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Friday, October 22, 2021

Raptors, former Leafs spend weekend in London, Ont. to help the community heal

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TORONTO — A stand against hate took place this weekend on the court and on the ice as two Canadian sports teams — the Toronto Raptors and the Toronto Maple Leafs — visited London, Ont. to spread the unified message that hate has no home.

The Raptors held an open practice at the Budweiser Gardens on Saturday, followed by a Maple Leafs alumni game on Sunday. The two events were held with the aim of remembering the victims of an Islamophobic terror attack that occurred four months prior.

On June 6, members of the Afzaal family were killed in London after a man hit them with his truck in what police have called a targeted, hate-motivated attack. The only survivor was a nine-year-old boy, Fayez, who has recovered from his injuries and is back in school.

The attack sent shockwaves through the community and Canada as a whole.

“This was a deep scar, based on how it happened and the circumstances surrounding it, so it will take some time,” Nawaz Tahir, spokesperson for the London Muslim Mosque, told CTV News. “Unfortunately we keep hearing about different events and attacks and mosques being vandalized across the country […] which sort of spurs that and opens up that wound just a little bit more.”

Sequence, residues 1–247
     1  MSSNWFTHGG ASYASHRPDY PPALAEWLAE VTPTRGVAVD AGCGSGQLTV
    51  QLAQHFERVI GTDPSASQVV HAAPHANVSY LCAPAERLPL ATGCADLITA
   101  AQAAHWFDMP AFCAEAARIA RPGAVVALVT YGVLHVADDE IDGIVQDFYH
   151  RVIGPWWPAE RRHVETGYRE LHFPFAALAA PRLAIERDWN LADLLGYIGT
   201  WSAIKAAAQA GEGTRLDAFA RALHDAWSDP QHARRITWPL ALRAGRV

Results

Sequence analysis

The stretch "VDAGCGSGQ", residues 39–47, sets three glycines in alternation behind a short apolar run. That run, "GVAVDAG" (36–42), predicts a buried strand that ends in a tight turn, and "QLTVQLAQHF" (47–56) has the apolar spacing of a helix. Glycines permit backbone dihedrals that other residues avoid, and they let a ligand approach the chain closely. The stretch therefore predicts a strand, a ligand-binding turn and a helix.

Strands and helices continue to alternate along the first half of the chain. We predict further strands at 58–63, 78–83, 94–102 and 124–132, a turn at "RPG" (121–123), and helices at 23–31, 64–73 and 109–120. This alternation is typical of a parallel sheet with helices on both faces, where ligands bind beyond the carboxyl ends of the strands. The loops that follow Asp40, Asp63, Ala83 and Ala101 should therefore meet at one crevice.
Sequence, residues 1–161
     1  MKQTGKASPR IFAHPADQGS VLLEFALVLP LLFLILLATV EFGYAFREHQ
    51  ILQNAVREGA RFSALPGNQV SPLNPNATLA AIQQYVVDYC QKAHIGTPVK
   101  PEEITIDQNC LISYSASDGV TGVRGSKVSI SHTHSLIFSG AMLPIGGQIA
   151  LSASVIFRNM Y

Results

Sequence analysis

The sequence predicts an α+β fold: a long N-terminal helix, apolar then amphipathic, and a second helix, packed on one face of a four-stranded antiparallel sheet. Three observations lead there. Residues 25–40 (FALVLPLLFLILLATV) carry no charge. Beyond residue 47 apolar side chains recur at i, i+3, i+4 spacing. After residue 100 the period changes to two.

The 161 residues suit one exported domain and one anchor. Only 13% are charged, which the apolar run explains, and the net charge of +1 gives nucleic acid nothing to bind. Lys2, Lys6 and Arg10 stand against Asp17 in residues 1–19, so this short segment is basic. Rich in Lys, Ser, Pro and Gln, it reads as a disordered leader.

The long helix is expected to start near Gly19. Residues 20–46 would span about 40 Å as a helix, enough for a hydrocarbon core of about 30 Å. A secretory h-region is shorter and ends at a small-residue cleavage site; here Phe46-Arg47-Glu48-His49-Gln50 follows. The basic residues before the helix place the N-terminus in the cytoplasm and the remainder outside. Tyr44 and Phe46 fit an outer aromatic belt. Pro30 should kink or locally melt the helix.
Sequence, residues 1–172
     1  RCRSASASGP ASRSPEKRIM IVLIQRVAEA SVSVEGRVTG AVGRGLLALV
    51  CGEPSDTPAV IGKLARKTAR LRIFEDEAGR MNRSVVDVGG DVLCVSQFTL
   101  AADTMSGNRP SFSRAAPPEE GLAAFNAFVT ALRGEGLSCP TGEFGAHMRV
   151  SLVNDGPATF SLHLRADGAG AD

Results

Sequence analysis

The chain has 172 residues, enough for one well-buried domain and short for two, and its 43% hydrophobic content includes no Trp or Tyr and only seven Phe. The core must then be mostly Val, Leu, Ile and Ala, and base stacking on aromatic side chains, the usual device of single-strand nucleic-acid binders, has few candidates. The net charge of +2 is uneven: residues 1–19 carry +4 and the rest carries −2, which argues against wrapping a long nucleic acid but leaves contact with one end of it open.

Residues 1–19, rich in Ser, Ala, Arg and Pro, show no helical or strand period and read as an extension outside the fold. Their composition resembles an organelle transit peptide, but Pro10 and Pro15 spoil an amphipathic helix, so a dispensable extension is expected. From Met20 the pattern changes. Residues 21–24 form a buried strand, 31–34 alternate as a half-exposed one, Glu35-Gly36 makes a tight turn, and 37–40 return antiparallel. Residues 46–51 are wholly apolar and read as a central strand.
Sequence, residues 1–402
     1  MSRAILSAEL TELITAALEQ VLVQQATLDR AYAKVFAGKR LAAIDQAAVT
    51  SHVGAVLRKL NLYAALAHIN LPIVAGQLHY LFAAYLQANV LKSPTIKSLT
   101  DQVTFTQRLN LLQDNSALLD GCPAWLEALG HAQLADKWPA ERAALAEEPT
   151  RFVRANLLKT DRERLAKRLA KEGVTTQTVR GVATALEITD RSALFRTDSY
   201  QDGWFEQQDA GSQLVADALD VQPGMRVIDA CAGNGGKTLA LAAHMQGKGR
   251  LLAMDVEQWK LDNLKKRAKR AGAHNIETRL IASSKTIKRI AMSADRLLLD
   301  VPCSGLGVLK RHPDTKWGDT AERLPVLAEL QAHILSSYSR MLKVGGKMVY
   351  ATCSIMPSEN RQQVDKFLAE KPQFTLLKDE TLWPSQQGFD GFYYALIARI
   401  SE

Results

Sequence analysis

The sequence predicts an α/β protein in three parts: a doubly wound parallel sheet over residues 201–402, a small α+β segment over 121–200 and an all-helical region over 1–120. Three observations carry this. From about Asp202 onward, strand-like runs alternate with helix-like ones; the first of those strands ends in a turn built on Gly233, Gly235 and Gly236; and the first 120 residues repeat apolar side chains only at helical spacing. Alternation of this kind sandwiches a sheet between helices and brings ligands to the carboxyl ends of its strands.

Nick Nurse, Toronto Raptors head coach, said that the sporting events this weekend were held to fight back against hate.

“We wanted to come here,” he said. “It gives us a chance mainly to use our platform to talk about these issues and let everybody know they are welcome.”

Darryl Sittler, a former NHL player who participated in Sunday’s alumni game, told CTV News that there’s no place for hate crimes or discrimination.

“Not in this community or any community,” Sitter said.

In a press conference following the Raptors’ practice, Point Guard Fred Vanvleet said that the team is “against all forms of hatred, and we definitely stand with the Muslim community that was affected here in London.”

Sports can be an important unifying factor during the healing process, Tahir said.

“It’s a very powerful and heartwarming message, especially for our youth who, for many of them sports is a great outlet, an avenue to help them from a psychological perspective,” Tahir said.

The events weren’t just a show of support.

Money raised from the events, along with a $250,000 installation from MLSE Foundation in partnership with the city of London, will go toward refurbishing an outdoor court as a youth legacy project.

In addition, the money will also go towards mental health support as the community continues to heal.

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